Steel has many sustainable qualities. It is light, strong, 100 PER CENT recyclable and the material of choice in a number of key environmental projects.  

Above: BlueScope Steel’s Tank a Day Challenge encourages greater awareness among Australian primary school students of the importance of rainwater harvesting.

One of the major challenges facing the steel industry is meeting the changing environmental expectations of our communities. In Australia and New Zealand, climate change has become an issue of greater public concern and the governments of both countries are engaged in the development of emissions trading schemes for greenhouse gases. Subsequent to the close of the financial year, the Australian government released a Green Paper calling for public consultation on the design of a national emissions trading scheme.

By the end of this calendar year, a White Paper outlining policy and draft legislation will have been released. In 2010, a Carbon Pollution Reduction Scheme is scheduled to commence. The proposed scheme involves the Government setting a cap on Australia’s carbon emissions. Companies will need to acquire a permit for each tonne of greenhouse gas (CO2-equivalent) emitted. These permits can be traded on an open market and BlueScope Steel may be eligible for transitional assistance in the form of free permits. While there are areas where BlueScope Steel can reduce emissions, we are ultimately limited by the chemistry of the iron and steelmaking process, where carbon dioxide is a product of the reduction of iron oxide to molten iron.

This process accounts for nearly all greenhouse gas emissions from blast furnace operations.

Therefore, a technological breakthrough in the fundamental iron and steelmaking process is required if steel producers are to achieve reductions in carbon emissions beyond current limits. BlueScope Steel is involved in the International Iron and Steel Institute’s CO2 Breakthrough Project, which is researching lower emission steelmaking technologies.

Our Company will continue to work closely with the Australian Government to develop a Carbon Pollution Reduction Scheme that supports the long-term competitiveness of Australia’s iron and steel industry. Wherever economically and technically practicable, we will be investing in new technologies and equipment to reduce our carbon intensity.

In New Zealand, it is proposed the iron and steel industry will be covered by an Emissions Trading Scheme from 2010, receiving 90 per cent free permits in transitional assistance until 2018. As a trade exposed industry, New Zealand Steel is working closely with the New Zealand Government to secure an appropriate outcome.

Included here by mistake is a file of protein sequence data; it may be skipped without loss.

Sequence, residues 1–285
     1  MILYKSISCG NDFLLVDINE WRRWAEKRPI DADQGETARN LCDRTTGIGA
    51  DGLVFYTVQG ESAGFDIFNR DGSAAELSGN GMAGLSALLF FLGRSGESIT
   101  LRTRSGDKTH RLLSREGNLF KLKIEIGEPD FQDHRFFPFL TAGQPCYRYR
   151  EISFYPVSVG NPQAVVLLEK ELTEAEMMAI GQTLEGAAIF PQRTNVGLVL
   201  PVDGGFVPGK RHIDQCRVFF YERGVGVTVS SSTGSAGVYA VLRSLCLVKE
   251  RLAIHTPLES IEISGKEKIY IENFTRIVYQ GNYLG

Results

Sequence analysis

Our award winning Western Sydney Service Centre incorporates a range of water and energy saving features. The facility can capture and store over two million litres of rainwater, which is then used throughout the operation. The plant also reuses gases generated during production.



Major environmental projects

During the year, we continued a feasibility study into a co-generation plant at Port Kembla Steelworks. The plant would use surplus gas from iron and steelmaking to produce electricity and steam. This project has the potential to offset over 800,000 tonnes of greenhouse gas emissions per annum in New South Wales by reducing the Steelworks' demand for coal generated electricity from the grid. At a cost of around $1 billion the co-generation plant would be one of Australia’s largest greenhouse gas abatement projects, and its viability depends on a supportive regulatory environment.

The drought affecting much of Australia has led to increased water restrictions and far greater focus on water conservation strategies. At our Western Port operation, work is continuing on a joint project with South East Water and the Victorian Government. This project involves the construction of a 13 kilometre pipeline to direct recycled water to our Western Port plant, reducing its annual fresh water consumption by more than 60 per cent, or 660 megalitres per year (equivalent to the annual water consumption of 3,000 households).

At Port Kembla Steelworks, water saving initiatives in recent years have halved fresh water consumption. Ninety-eight per cent of water used at the Steelworks is now either recycled or salt water.

Environmental policy and sustainability

During the year, BlueScope Steel developed a set of principles that underline our commitment to the environment. These principles cover five areas of environmental responsibility – reducing greenhouse gas emissions, reducing land, air and water pollution, reducing waste sent to landfill, optimising material reuse and recycling and conserving energy and fresh water. In addition, our policy states the expectations we have of our sites, our managers and our employees in continually improving our environmental footprint.

The BlueScope Blueprint identifies sustainability as one of the eight ‘Basics’ or objectives. In this context, steel has many positive environmental attributes – it is light, strong and 100 per cent recyclable. Steel also features in important environmental projects and products, such as wind towers and rainwater tanks.

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